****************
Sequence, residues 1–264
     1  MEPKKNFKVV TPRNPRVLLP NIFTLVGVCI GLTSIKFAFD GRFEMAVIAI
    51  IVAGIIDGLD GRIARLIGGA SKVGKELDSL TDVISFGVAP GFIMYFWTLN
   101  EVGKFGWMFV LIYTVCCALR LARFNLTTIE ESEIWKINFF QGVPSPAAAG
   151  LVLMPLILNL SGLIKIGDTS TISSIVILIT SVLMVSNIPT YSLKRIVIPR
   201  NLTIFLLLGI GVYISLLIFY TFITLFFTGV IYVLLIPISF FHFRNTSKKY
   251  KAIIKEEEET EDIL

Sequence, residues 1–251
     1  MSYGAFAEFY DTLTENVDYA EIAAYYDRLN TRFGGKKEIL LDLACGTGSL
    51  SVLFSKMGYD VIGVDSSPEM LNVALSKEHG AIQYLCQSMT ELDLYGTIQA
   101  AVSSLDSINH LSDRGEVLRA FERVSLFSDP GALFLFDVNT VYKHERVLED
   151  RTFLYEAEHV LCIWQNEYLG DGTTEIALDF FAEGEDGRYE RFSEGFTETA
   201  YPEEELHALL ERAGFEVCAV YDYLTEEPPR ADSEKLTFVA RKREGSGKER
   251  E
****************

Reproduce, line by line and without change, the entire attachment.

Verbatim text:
Sequence, residues 1–264
     1  MEPKKNFKVV TPRNPRVLLP NIFTLVGVCI GLTSIKFAFD GRFEMAVIAI
    51  IVAGIIDGLD GRIARLIGGA SKVGKELDSL TDVISFGVAP GFIMYFWTLN
   101  EVGKFGWMFV LIYTVCCALR LARFNLTTIE ESEIWKINFF QGVPSPAAAG
   151  LVLMPLILNL SGLIKIGDTS TISSIVILIT SVLMVSNIPT YSLKRIVIPR
   201  NLTIFLLLGI GVYISLLIFY TFITLFFTGV IYVLLIPISF FHFRNTSKKY
   251  KAIIKEEEET EDIL

Sequence, residues 1–251
     1  MSYGAFAEFY DTLTENVDYA EIAAYYDRLN TRFGGKKEIL LDLACGTGSL
    51  SVLFSKMGYD VIGVDSSPEM LNVALSKEHG AIQYLCQSMT ELDLYGTIQA
   101  AVSSLDSINH LSDRGEVLRA FERVSLFSDP GALFLFDVNT VYKHERVLED
   151  RTFLYEAEHV LCIWQNEYLG DGTTEIALDF FAEGEDGRYE RFSEGFTETA
   201  YPEEELHALL ERAGFEVCAV YDYLTEEPPR ADSEKLTFVA RKREGSGKER
   251  E